hiphive has been developed by Fredrik Eriksson, Erik Fransson, and Paul Erhart at the Department of Physics of Chalmers University of Technology in Gothenburg, Sweden with funding from the Knut och Alice Wallenbergs Foundation, the Swedish Research Council, the Swedish Foundation for Strategic Research, and the Swedish National Infrastructure for Computing.
When using hiphive in your research please cite the following paper:
The Hiphive Package for the Extraction of High-Order Force Constants by Machine Learning
Fredrik Eriksson, Erik Fransson, and Paul Erhart
Advanced Theory and Simulations 2, 1800184 (2019)
You might also find the following paper useful, which discusses in detail the advantages and disadvantages of different regression schemes in various different application scenarios:
Efficient construction of linear models in materials modeling and applications to force constant expansions
Erik Fransson, Fredrik Eriksson, and Paul Erhart
npj Computational Materials 6, 135 (2020)
If you want to run large-scale molecular dynamics simulations with force constant potentials constructed via hiphive, you should find the GPU implementation in the GPUMD code useful, which is described in the following paper:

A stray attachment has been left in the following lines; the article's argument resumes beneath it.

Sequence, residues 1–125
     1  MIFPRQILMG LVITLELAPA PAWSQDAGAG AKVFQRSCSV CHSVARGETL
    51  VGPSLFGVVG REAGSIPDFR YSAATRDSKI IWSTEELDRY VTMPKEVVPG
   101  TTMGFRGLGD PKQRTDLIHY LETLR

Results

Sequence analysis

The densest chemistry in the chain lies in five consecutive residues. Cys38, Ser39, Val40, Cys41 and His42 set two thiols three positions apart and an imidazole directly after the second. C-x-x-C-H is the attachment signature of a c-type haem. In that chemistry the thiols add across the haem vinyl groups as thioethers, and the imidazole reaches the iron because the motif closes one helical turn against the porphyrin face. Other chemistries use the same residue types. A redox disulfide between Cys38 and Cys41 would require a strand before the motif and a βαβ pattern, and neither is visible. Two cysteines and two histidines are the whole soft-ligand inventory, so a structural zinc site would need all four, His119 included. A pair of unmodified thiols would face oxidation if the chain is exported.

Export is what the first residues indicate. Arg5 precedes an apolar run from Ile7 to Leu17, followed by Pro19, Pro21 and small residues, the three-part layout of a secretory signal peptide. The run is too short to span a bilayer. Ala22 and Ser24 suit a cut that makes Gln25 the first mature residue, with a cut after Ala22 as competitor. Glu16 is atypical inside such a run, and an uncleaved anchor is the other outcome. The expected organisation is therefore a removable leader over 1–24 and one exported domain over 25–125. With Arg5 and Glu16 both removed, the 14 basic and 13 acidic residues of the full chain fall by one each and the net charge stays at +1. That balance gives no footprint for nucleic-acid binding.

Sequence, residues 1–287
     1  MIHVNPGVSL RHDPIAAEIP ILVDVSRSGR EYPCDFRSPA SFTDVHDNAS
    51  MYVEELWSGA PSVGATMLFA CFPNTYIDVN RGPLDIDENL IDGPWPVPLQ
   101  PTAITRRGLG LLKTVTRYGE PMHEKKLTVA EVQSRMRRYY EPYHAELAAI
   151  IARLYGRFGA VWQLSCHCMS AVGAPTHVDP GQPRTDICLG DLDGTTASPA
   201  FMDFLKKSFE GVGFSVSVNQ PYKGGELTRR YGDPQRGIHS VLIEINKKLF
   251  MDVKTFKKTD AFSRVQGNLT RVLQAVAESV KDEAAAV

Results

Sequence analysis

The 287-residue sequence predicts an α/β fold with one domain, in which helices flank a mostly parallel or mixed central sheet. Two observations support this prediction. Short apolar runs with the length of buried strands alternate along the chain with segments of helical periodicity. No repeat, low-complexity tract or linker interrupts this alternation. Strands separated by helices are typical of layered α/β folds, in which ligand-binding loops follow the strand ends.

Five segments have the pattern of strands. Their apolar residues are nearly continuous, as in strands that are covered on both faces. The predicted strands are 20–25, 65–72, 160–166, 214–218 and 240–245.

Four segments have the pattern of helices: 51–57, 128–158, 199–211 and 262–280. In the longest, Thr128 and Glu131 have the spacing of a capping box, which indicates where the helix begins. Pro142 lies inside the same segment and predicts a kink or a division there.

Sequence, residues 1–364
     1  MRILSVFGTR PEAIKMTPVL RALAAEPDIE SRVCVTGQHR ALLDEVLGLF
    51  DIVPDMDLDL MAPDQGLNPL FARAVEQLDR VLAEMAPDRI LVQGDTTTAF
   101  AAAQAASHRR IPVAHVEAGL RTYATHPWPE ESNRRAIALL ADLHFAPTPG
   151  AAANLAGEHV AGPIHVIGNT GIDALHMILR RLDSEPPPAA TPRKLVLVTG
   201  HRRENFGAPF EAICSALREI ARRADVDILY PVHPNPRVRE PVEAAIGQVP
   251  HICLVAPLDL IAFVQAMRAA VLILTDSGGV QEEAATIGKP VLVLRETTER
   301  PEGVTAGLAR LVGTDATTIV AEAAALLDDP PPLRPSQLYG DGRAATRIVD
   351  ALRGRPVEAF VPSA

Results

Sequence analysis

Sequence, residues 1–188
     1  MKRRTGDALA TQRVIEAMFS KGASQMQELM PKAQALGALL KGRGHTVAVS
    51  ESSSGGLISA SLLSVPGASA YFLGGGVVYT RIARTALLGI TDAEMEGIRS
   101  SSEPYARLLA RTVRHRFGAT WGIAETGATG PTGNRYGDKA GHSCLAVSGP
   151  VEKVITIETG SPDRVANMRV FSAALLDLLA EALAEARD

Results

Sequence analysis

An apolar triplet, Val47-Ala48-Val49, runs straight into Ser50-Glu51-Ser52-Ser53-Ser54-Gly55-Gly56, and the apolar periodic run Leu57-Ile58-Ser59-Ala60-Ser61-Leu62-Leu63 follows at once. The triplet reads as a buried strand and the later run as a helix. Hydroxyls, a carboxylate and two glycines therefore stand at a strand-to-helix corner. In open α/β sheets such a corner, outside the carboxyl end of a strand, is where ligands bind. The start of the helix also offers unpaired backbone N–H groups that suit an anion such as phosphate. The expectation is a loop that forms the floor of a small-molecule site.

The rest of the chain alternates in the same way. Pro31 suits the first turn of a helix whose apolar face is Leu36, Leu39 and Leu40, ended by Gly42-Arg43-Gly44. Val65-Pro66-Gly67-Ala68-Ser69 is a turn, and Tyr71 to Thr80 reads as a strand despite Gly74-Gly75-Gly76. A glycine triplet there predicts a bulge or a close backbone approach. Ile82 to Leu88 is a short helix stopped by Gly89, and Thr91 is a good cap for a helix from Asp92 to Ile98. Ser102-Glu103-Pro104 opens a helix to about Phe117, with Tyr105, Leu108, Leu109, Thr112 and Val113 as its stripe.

Efficient calculation of the lattice thermal conductivity by atomistic simulations with ab-initio accuracy
Joakim Brorsson, Arsalan Hashemi, Zheyong Fan, Erik Fransson, Fredrik Eriksson, Tapio Ala-Nissila, Arkady V. Krasheninnikov, Hannu-Pekka Komsa, and Paul Erhart
Advanced Theory and Simulations 4, 2100217 (2021)
hiphive implements methods that have evolved in the field over many years including work by, e.g.,
Parlinski, Li, and Kawazoe [ParLiKaw97]
Esfarjani and Stokes [EsfSto08]
Hellman, Abrikosov, and Simak [HelAbrSim11]
Tadano, Gohda, and Tsuneyuki [TadGohTsu14]
Zhou, Nielson, Xia, and Ozolins [ZhoNieXia14]
Togo and Tanaka [TogTan15]
Please cite these original papers as appropriate for your work.
For a general overview of the vibrational properties of materials see e.g., [Ful10].